Joint Declaration as a groundbreaking ecumenical document

 — Feb. 22, 200022 févr. 2000

U.S. theology professors discuss its implications

[HANOVER, Germany/GENEVA | LWI] Reformed, Anglican, Roman-Catholic and Lutheran church leaders and professors of theology in the United States have acknowledged the Joint Declaration on the Doctrine of Justification as a “groundbreaking document.”

The theological implications of Joint Declaration was one of the major points discussed at a symposium from 4 to 6 February at the Yale Divinity School and Berkeley Divinity School in New Haven (Connecticut, USA).

Participants in the forum included Dr. Christian Krause, President of the Lutheran World Federation (LWF) and Bishop of the Evangelical Lutheran Church in Brunswick (Germany), Bishop Dr. Walter Kasper, Secretary of the Vatican’s Pontifical Council for Promoting Christian Unity (PCPCU) and Sir Henry Chadwick, an Anglican professor of theology at Oxford University.

The Joint Declaration on the Doctrine of Justification was affirmed by the Lutheran World Federation (LWF) and the Roman-Catholic Church and solemnly confirmed on 31 October 1999 in Augsburg, Germany. For the first time since the Reformation, both churches made a statement on the doctrine that severed the unity of the Western church in the 16th century.

During the United States symposium, Krause noted that the Joint Declaration was held in high regard by the participants. Summarizing the contributions made by the professors, Krause said that lifting up the theological approach of the declaration enabled academic theology at the universities to again concern itself more with ecumenism.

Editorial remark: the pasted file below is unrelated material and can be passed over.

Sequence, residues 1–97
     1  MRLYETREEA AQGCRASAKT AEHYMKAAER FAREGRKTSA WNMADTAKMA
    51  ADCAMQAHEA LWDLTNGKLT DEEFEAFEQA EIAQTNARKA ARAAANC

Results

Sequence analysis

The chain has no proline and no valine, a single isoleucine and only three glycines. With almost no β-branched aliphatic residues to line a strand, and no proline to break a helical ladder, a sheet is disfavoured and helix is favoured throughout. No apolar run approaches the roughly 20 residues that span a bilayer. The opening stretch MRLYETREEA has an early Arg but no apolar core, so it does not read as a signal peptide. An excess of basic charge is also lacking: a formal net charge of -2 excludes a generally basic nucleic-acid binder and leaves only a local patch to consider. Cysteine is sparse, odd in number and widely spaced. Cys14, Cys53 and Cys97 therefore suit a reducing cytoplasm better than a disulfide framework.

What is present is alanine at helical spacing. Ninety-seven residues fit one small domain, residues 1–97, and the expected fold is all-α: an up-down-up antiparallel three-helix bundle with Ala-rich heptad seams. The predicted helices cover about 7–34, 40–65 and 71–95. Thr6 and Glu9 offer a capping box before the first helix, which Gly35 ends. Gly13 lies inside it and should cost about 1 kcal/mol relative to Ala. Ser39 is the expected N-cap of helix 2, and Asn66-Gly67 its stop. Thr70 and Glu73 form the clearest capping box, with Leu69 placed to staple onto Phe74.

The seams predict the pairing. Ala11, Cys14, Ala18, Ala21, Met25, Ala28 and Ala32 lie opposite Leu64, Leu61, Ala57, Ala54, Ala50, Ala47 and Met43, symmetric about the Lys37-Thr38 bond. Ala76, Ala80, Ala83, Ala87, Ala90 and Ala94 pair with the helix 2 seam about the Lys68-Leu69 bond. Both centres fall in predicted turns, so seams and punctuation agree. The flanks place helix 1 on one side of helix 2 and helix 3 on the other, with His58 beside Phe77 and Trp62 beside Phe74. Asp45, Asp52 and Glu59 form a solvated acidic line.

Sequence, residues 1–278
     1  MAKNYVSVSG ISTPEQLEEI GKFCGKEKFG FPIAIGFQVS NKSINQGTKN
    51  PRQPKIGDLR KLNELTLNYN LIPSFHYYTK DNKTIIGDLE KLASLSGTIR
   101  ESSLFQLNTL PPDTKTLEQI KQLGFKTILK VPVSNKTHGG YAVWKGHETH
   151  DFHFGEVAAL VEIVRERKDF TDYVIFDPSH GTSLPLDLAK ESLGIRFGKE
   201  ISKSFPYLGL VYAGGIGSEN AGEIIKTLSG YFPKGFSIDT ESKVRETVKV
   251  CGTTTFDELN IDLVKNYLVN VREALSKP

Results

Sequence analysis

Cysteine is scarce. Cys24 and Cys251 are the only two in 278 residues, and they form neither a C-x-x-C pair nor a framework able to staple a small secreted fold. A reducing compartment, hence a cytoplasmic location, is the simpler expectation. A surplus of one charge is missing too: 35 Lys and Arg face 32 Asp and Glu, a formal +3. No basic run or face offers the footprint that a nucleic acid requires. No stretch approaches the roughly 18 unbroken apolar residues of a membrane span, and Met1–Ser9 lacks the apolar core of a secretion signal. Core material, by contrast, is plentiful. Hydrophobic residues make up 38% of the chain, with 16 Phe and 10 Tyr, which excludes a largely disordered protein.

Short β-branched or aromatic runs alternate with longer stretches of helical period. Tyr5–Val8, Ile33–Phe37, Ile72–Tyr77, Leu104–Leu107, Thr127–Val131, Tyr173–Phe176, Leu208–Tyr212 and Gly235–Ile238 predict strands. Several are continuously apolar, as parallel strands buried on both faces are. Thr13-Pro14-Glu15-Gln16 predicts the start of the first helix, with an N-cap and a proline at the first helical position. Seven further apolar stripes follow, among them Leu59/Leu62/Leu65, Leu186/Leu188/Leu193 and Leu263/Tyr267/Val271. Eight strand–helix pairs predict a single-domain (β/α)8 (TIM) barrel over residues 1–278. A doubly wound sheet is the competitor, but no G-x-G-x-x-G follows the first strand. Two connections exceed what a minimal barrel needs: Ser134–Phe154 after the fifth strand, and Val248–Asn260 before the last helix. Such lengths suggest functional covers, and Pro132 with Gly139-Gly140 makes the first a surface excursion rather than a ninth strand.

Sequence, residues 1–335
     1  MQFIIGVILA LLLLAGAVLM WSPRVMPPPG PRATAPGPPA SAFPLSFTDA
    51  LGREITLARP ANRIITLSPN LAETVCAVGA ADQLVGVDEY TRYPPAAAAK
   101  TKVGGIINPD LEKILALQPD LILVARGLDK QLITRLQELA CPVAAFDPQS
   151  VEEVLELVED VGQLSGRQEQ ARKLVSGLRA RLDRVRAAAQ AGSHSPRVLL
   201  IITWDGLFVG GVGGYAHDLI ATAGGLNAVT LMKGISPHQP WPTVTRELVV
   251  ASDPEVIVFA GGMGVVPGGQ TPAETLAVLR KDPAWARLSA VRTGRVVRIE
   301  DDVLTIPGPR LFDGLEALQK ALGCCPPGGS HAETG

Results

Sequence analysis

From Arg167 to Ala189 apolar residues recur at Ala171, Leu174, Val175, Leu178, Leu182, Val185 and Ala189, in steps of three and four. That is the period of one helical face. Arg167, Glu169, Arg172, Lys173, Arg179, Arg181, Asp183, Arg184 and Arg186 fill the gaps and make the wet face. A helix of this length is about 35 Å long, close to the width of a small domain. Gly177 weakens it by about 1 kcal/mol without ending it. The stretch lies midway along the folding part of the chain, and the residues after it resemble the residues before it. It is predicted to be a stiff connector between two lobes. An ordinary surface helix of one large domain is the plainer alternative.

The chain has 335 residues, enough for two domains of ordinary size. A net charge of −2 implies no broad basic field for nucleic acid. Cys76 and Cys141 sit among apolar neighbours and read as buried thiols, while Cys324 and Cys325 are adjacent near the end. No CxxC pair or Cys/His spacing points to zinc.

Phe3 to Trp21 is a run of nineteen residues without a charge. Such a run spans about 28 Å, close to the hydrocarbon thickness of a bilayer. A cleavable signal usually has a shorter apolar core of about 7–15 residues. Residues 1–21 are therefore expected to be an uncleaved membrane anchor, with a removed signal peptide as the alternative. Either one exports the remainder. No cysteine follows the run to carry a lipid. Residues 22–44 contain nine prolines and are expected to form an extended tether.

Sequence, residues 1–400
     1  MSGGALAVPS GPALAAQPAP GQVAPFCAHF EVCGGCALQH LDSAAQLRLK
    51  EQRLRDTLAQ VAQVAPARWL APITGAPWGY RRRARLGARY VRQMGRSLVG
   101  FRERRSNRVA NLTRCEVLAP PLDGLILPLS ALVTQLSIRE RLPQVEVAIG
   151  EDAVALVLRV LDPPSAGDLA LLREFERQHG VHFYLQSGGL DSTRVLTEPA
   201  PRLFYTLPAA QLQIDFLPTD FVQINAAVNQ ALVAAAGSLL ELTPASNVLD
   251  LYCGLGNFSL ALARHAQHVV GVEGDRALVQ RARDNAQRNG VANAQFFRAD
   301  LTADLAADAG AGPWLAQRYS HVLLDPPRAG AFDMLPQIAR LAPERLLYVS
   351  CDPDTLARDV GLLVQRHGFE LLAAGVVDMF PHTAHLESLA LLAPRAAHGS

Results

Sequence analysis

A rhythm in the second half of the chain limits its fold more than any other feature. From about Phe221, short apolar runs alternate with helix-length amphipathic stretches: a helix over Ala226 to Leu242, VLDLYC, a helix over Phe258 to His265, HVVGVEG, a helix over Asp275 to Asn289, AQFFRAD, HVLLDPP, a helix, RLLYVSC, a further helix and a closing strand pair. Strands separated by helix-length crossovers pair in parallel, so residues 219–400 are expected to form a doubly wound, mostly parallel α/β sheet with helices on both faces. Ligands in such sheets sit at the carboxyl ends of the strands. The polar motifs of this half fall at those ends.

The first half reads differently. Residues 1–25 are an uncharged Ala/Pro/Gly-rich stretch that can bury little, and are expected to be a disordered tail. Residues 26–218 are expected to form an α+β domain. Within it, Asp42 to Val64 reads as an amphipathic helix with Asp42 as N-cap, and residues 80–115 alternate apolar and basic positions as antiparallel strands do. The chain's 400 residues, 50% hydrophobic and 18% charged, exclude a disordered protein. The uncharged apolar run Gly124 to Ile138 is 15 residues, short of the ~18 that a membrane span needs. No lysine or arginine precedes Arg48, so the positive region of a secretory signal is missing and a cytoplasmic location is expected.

The LWF president said that the significance of the Joint Declaration was furthermore to be found in the way the document relates to the core of the biblical message. He noted that the “universal character” of the Joint Declaration has been acknowledged and bears special significance in the sense that the other recent interdenominational agreements are regionally limited while this document is universally valid for both partners.

Krause said he was impressed by the Anglican and Reformed participants’ expression of joy about the Joint Declaration. They had repeatedly voiced their interest in continuing to develop this ecumenical document in such a way that it would include other denominations in addition to the Lutheran/Roman-Catholic context.

William Franklin, Dean of Berkeley Divinity School described the symposium as a good opportunity for the universities to regain their leading role within the ecumenical movement, for the development of a new forum for ecumenical activities, and for encouraging a new generation of future theologians to work for the unity of the churches.

Posted: Feb. 22, 2000 • Permanent link:
Categories: Lutheran World InformationIn this article: Catholic, dialogue, JDDJ, Lutheran
Transmis : 22 févr. 2000 • Lien permanente :
Catégorie : Lutheran World InformationDans cet article : Catholic, dialogue, JDDJ, Lutheran

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